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A close-up view of the docking target on the Apollo 11 Lunar Module (LM) photographed from the Command Module during the LM/CSM docking in lunar orbit. Astronauts Neil A. Armstrong, commander, and Edwin E. Aldrin Jr., lunar module pilot, in the LM, were returning from the lunar surface. Astronaut Michael Collins, command module pilot, remained with the Command and Service Modules (CSM) in lunar orbit while Armstrong and Aldrin explored the moon.
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Photo by: NASA
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This photograph of the solar corona was taken from the Apollo 11 spacecraft during trans-lunar coast and prior to lunar orbit insertion. The moon is the dark disc between the spacecraft and the sun.
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Photo by: NASA
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This is a replica of the plaque which the Apollo 11 astronauts will leave behind on the moon in commemoration of the historic event. The plaque is made of stainless steel, measuring nine by seven and five-eighths inches, and one-sixteenth inch thick. The plaque will be attached to the ladder on the landing gear strut on the descent stage of the Apollo 11 Lunar Module (LM). Covering the plaque during the flight will be a thin sheet of stainless steel which will be removed on the lunar surface.
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After 2½ hours of surface exploration, astronauts Neil Armstrong and Edwin Aldrin returned to the LM “Eagle” for rest, eating, and checkout of the vehicle in preparation for liftoff. The LM was a two part spacecraft. Its lower or descent stage had the landing gear, engines, and fuel needed for the landing. When the LM blasted off the Moon, the descent stage served as the launching pad for its companion ascent stage, which was also home for the two astronauts on the surface of the Moon. The LM was full of gear with which to communicate, navigate, and rendezvous. It also had its own propulsion system, and an engine to lift it off the Moon and send it on a course toward the orbiting CM. In this photograph, the ascent stage is seen back dropped by Earth just prior to its rendezvous with the CM.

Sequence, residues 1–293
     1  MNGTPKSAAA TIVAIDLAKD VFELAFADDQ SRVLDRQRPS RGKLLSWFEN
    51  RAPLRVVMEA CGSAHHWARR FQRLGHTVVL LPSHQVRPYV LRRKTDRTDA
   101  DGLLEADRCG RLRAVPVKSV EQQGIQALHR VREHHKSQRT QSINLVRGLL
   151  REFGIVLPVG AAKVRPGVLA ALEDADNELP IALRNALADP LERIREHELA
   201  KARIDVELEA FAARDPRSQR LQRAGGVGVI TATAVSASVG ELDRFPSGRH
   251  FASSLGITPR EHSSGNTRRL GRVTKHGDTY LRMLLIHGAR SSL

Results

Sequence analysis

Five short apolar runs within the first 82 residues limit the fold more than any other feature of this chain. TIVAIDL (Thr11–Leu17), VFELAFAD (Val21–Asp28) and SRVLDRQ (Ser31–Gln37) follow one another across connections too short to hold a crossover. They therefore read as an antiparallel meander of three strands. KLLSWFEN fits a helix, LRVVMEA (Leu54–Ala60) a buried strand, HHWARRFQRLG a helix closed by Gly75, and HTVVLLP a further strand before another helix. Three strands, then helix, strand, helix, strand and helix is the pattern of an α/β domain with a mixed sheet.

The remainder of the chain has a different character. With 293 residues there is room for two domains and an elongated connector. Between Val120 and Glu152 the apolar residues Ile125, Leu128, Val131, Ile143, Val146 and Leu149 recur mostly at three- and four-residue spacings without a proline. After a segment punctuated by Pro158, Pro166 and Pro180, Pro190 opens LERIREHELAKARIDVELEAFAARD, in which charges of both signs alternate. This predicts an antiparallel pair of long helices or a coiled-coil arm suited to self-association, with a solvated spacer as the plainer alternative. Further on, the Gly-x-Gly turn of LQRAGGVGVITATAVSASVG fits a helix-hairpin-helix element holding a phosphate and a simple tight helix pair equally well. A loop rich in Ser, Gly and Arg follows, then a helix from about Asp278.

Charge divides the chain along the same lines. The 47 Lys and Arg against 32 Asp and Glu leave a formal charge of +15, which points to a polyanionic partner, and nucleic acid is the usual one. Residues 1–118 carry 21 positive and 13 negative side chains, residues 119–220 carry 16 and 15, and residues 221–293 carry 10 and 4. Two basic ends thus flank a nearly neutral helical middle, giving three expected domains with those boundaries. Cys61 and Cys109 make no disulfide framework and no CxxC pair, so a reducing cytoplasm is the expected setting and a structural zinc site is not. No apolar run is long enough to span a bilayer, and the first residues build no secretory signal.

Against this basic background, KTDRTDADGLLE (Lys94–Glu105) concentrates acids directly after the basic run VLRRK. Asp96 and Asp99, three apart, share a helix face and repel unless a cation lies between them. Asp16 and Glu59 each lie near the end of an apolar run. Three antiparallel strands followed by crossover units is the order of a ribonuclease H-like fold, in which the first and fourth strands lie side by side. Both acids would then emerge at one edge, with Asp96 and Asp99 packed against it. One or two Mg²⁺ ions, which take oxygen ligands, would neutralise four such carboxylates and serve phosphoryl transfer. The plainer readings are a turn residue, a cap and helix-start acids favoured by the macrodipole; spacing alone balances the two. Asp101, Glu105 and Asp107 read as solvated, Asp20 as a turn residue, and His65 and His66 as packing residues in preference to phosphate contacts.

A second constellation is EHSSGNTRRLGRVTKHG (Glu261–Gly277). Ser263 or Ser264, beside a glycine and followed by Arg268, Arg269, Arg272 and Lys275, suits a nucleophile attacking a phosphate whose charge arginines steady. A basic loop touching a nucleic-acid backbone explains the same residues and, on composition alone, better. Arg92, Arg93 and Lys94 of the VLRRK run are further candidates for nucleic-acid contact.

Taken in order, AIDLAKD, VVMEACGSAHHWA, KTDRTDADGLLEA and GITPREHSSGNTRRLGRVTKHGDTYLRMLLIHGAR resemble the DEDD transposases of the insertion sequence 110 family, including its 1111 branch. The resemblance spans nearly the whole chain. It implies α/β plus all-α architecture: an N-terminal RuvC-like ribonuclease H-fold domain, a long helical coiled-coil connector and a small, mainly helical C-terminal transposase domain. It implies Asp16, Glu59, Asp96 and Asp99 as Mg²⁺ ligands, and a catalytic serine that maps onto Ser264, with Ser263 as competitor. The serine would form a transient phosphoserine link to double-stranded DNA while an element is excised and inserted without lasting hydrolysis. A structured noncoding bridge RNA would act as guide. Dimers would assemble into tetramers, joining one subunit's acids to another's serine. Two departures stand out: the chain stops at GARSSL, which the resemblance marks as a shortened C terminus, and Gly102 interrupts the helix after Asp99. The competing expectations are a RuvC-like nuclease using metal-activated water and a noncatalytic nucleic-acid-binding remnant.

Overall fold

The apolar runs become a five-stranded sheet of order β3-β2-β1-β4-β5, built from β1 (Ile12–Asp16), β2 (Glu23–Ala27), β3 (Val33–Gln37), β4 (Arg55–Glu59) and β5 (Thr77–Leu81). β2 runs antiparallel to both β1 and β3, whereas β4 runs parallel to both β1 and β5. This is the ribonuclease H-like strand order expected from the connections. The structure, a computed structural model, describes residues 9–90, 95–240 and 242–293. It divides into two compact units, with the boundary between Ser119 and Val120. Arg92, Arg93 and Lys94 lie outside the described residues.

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Astronaut Edwin E. Aldrin Jr., lunar module pilot, walks on the surface of the moon near a leg of the Lunar Module during the Apollo 11 extravehicular activity (EVA). Astronaut Neil A. Armstrong, Apollo 11 commander, took this photograph with a 70mm lunar surface camera. The astronauts' bootprints are clearly visible in the foreground. While astronauts Armstrong and Aldrin descended in the Lunar Module (LM) "Eagle" to explore the Sea of Tranquility region of the moon, astronaut Michael Collins, command module pilot, remained with the Command and Service Modules (CSM) "Columbia" in lunar orbit.
Photo Credit: NASA
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This photo is of Edwin Aldrin walking on the lunar surface. Neil Armstrong, who took the photograph, can be seen reflected in Aldrin’s helmet visor. Armstrong was the first human to ever stand on the lunar surface.
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This is a reproduction of the television image that was transmitted to the world on July 20th, as Armstrong egressed the ladder to the lunar surface. The black bar running through the center of the photograph is an anomaly in the TV Ground Data System at Goldstone Tracking Station.
Photo Credit: NASA
Photo by: NASA